The icing on the cake: when the speaker is connected to a computer via the supplied USB cable, it can be used as a broadcast source and also as a microSD card reader. It must be admitted that these are not essential features, but their presence is clearly welcome. In addition, note the presence of the hands-free kit function thanks to the small microphone located below the logo. The absence of a mini-Jack cable in the box and the far too short USB cable remain two small points of disappointment, however. Finally, the Woof3 promises an autonomy of 6 hours, which was verified several times during our test. It is possible to save an hour if the volume is not too high.



The Woof3 offers a decent sound rendering, but a little too aggressive. As is often the case with this speaker format, you should not expect bass to vibrate the walls. Indeed, reproduction does not begin until around 200 Hz, where we only perceive the small boomy side of the bass, but without real definition. The mediums are relatively well controlled and balanced, which allows the voices to enjoy a very good intelligibility and clarity ... even a little too much. The high mids / trebles, between 2 kHz and 6 kHz, are indeed particularly boosted. The rendering is therefore more incisive, but also more aggressive, as long as you listen to a mix that is already so, like Raining Blood by Slayer, Seek and Destroy by Metallica or Sweet Georgia Brown by Roy Eldridge. The boost also applies to other musical styles such as hats or snare attacks. Fortunately, sibilance is not there.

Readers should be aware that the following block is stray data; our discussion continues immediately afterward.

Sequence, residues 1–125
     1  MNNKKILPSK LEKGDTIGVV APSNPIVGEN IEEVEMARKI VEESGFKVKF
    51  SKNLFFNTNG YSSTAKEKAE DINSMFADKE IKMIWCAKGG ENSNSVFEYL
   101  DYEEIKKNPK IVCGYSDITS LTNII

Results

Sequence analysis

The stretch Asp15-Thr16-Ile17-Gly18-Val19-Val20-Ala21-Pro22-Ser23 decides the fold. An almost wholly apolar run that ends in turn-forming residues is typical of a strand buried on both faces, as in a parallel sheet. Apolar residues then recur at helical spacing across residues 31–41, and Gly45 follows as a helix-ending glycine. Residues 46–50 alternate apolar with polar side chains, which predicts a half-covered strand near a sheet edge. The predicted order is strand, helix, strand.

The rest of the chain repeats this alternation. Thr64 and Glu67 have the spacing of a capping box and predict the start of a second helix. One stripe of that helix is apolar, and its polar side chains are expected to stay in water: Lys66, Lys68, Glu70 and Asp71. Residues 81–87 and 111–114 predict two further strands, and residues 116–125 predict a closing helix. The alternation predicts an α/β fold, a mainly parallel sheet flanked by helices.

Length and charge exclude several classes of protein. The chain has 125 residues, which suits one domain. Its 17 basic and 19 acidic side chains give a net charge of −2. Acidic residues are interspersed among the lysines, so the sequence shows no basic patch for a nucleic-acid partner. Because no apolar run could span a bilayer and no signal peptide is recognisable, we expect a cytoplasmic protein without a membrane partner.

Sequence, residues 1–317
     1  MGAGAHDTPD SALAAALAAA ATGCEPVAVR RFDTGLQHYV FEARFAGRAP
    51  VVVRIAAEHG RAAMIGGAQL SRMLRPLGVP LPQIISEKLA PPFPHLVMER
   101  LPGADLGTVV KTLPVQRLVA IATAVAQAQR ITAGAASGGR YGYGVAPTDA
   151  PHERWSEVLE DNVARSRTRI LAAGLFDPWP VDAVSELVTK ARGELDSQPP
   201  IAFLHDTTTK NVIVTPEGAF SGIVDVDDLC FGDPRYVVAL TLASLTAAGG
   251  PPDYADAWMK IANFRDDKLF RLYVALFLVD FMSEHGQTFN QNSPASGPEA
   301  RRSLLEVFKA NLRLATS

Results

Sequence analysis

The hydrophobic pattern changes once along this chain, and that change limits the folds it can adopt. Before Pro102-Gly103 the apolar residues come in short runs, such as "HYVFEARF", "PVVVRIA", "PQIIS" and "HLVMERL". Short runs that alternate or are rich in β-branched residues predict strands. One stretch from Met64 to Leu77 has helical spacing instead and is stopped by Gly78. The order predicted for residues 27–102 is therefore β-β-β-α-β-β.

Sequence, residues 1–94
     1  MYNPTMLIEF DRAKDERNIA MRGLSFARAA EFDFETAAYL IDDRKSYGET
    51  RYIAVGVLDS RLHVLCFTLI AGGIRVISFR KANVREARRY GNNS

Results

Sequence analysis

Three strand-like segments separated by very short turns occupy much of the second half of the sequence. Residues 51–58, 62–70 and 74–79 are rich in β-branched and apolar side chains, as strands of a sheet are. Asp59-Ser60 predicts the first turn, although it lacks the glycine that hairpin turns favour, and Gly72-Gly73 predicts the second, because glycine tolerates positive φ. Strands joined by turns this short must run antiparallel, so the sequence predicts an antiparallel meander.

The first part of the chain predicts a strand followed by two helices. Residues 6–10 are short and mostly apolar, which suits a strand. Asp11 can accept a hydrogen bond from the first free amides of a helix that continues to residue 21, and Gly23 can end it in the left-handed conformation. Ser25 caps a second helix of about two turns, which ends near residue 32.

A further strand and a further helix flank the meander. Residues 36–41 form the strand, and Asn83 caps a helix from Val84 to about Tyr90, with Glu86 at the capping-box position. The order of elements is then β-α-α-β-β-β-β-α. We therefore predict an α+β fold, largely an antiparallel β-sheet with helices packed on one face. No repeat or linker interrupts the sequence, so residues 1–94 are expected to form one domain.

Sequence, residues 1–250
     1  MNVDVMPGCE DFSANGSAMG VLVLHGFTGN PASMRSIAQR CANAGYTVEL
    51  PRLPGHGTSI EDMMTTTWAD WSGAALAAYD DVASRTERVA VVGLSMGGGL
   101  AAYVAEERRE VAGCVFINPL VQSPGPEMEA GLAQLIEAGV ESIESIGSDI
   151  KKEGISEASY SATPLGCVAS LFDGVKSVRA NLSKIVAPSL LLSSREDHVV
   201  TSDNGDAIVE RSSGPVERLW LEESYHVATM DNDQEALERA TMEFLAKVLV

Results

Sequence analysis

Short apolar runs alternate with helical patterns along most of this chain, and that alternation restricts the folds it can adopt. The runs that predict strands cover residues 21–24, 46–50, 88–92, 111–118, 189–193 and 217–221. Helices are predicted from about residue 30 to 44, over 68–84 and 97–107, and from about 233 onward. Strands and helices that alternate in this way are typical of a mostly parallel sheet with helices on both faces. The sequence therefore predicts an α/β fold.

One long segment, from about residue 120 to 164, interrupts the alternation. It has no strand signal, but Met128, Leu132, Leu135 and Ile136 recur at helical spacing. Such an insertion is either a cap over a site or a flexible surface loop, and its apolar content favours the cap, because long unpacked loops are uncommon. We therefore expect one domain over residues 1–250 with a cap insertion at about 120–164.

The sound is monophonic, but the reproduction is precise enough to perceive the different elements of the sound scene. The direction of the loudspeaker allows a homogeneous omnidirectional diffusion, whatever the position of the listening point relative to the speaker.

The Woof3 is powerful despite its very small size, especially in Bluetooth. This is clearly less the case with wire, but it is more than enough for additional listening or proximity. Even if pushed to its limits, the distortion remains low and does not interfere with listening.

Bluetooth latency is particularly high on this speaker. With a delay of more than 370 ms, watching a movie is not really fun. There is a discrepancy between the sound and the image. If your player allows it, apply an advance on the sound or a delay on the image ... or connect the speaker by USB or wired.

As is often the case, the quality of the microphone for the hands-free function is unfortunately not there. You must approach very close to the enclosure, within 30 cm, so that our interlocutor can hear us. And again, this is not enough to be understood very clearly: we therefore prefer to play it "old-fashioned", directly with the phone.



The Woof3 is a very capable indoor nomad speaker, especially with large connection possibilities, some of which are quite new in this format. Its sound performance remains correct, but the rendering is a little too aggressive and it focuses too much on the voices. If you are looking for a speaker in this size more resistance than versatile and especially with better sound claims, look on the side of the Philips BT2200 and BT2500B / 00.